On Thursday, after weeks of conspicuous hesitation, Paul Ryan endorsed Donald Trump for U.S. president. Hours later, Trump told The Wall Street Journal that the federal judge overseeing two class-action lawsuits against his (bait-and-switch scheme masquerading as a) university was obviously biased against him – because said judge has “Mexican heritage.”
The House Speaker once justified withholding his endorsement from the GOP’s presumptive nominee by saying, “to pretend we’re unified as a party” would be to go into the election “at half strength.” But Trump’s suggestion that no Mexican-American judge can treat him fairly has proven divisive even among his own campaign staff.
Trump’s previous comments about Judge Gonzalo Curiel – and Mexican-Americans more broadly – inspired the head of Hispanic media relations at the Republican National Committee to resign from her post on Wednesday. While that resignation made for an ugly headline, Ryan could at least take solace in the fact that the story was largely obscured by a torrent of revelations about the GOP nominee’s exploitative business practices and apparent attempt to back out of a promised donation to veterans groups.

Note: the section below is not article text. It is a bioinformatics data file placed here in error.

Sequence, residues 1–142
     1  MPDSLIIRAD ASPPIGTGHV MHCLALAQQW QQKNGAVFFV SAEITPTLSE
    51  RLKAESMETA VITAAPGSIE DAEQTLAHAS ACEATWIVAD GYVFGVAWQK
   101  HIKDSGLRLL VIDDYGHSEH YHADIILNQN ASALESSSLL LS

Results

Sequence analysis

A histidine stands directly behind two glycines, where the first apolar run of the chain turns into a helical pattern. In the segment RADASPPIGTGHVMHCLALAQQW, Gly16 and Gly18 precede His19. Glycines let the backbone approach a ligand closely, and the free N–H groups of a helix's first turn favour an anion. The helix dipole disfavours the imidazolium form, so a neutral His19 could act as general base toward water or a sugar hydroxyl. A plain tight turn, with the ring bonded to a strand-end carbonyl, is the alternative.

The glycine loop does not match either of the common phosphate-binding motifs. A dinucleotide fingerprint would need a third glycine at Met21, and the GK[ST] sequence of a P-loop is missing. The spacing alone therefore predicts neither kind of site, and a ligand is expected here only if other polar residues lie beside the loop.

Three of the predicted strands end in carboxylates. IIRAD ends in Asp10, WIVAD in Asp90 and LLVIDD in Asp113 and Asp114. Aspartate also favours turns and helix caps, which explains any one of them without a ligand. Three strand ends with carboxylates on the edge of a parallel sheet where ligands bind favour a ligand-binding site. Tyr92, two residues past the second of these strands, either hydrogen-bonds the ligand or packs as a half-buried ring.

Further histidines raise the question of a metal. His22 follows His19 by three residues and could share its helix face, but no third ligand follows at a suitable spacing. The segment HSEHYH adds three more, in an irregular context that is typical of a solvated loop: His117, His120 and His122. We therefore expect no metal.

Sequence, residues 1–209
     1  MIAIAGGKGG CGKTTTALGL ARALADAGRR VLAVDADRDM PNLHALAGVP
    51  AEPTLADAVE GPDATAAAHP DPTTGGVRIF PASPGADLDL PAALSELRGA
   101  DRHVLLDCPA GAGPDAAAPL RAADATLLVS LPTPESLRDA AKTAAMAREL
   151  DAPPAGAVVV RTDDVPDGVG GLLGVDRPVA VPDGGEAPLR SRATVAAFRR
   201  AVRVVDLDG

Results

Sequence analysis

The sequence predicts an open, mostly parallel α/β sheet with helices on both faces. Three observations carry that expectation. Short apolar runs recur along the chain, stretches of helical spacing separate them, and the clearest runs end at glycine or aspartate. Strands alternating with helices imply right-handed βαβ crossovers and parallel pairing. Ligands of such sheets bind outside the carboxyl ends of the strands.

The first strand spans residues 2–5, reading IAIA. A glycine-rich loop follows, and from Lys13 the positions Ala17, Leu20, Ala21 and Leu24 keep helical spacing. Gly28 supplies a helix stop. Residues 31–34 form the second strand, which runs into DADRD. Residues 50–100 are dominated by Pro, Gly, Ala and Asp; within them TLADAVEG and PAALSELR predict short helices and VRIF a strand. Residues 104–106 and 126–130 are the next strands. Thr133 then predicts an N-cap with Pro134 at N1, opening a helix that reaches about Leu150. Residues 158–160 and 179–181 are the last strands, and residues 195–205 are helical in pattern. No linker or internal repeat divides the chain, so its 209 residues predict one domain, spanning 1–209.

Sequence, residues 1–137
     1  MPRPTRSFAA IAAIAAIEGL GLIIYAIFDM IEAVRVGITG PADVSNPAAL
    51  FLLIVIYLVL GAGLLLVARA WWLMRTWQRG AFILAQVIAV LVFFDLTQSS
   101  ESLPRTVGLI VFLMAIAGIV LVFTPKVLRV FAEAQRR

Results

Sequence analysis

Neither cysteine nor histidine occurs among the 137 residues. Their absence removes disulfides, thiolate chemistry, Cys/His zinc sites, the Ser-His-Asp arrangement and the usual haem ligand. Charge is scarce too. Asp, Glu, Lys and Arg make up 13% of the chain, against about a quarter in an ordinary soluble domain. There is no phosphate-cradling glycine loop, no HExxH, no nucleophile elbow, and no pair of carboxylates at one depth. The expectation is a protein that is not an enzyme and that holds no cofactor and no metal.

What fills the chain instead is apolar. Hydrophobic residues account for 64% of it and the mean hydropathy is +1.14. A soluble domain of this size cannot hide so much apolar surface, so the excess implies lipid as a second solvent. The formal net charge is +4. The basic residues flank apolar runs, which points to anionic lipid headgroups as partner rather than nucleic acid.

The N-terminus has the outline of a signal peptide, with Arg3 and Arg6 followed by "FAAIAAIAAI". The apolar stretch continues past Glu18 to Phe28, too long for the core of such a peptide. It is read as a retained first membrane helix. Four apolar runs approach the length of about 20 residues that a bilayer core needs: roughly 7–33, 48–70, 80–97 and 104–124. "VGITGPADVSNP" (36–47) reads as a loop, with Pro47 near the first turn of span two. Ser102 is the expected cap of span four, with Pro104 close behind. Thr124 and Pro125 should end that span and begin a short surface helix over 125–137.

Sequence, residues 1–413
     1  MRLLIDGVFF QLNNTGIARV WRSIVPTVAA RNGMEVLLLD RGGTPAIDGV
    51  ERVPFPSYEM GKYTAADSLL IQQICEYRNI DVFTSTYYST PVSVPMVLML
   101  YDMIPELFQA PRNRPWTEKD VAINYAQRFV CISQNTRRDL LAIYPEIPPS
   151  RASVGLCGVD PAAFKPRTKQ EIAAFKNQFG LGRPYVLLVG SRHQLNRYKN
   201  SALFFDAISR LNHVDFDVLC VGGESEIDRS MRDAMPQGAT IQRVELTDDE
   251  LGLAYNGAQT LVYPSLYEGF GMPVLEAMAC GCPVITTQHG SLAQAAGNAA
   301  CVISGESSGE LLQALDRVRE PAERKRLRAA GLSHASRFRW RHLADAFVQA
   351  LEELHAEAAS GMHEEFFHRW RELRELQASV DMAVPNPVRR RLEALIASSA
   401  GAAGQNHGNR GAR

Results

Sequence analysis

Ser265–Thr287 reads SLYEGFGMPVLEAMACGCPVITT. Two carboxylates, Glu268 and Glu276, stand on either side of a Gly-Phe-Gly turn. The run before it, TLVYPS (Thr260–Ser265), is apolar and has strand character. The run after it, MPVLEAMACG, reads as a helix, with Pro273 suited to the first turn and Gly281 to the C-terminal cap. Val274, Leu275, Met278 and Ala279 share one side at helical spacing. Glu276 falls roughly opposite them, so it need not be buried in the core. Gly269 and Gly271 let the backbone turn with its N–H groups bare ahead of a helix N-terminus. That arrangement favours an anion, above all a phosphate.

On Friday, Ryan distanced himself from the racist con man whom he hopes to elect this fall.
“Look, the comment about the judge the other day just was out of left field for my mind,” Ryan told WISN radio host Vicki McKenna. “It’s reasoning I don’t relate to. I completely disagree with the thinking behind that. And so, he clearly says and does things I don’t agree with, and I’ve had to speak up from time to time when that has occurred, and I’ll continue to do that if it’s necessary. I hope it’s not.”
Lucky for Ryan, Trump clarified his remarks about Curiel in an interview with Jake Tapper on Friday afternoon. “He’s of Mexican heritage. And he’s very proud of it,” Trump complained, suggesting that he doesn’t believe all Mexican-Americans are biased against him – just those who aren’t ashamed of their ancestry.
After putting out that fire, the Republican nominee proved his chops as a unifier by participating in an African-American outreach effort.
Paul Ryan picked a bad week to quit snubbing Trump.